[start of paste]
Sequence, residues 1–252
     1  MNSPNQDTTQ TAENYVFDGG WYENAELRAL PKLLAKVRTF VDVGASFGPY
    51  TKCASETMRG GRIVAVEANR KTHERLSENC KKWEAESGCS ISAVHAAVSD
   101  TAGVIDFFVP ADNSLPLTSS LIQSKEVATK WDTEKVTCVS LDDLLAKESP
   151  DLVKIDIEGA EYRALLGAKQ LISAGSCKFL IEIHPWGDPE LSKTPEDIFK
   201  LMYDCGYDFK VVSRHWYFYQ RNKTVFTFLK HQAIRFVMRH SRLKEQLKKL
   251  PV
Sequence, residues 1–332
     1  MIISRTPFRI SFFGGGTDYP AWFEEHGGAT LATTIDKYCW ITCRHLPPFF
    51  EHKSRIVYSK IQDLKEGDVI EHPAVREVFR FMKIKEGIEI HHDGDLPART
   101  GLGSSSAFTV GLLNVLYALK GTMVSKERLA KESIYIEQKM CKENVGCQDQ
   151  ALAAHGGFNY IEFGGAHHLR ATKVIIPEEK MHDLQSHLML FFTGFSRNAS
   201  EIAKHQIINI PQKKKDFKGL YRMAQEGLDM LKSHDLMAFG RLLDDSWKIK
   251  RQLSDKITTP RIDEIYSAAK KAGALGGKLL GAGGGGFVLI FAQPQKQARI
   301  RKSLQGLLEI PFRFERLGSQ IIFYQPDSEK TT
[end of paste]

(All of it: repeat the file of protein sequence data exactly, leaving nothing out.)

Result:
Sequence, residues 1–252
     1  MNSPNQDTTQ TAENYVFDGG WYENAELRAL PKLLAKVRTF VDVGASFGPY
    51  TKCASETMRG GRIVAVEANR KTHERLSENC KKWEAESGCS ISAVHAAVSD
   101  TAGVIDFFVP ADNSLPLTSS LIQSKEVATK WDTEKVTCVS LDDLLAKESP
   151  DLVKIDIEGA EYRALLGAKQ LISAGSCKFL IEIHPWGDPE LSKTPEDIFK
   201  LMYDCGYDFK VVSRHWYFYQ RNKTVFTFLK HQAIRFVMRH SRLKEQLKKL
   251  PV
Sequence, residues 1–332
     1  MIISRTPFRI SFFGGGTDYP AWFEEHGGAT LATTIDKYCW ITCRHLPPFF
    51  EHKSRIVYSK IQDLKEGDVI EHPAVREVFR FMKIKEGIEI HHDGDLPART
   101  GLGSSSAFTV GLLNVLYALK GTMVSKERLA KESIYIEQKM CKENVGCQDQ
   151  ALAAHGGFNY IEFGGAHHLR ATKVIIPEEK MHDLQSHLML FFTGFSRNAS
   201  EIAKHQIINI PQKKKDFKGL YRMAQEGLDM LKSHDLMAFG RLLDDSWKIK
   251  RQLSDKITTP RIDEIYSAAK KAGALGGKLL GAGGGGFVLI FAQPQKQARI
   301  RKSLQGLLEI PFRFERLGSQ IIFYQPDSEK TT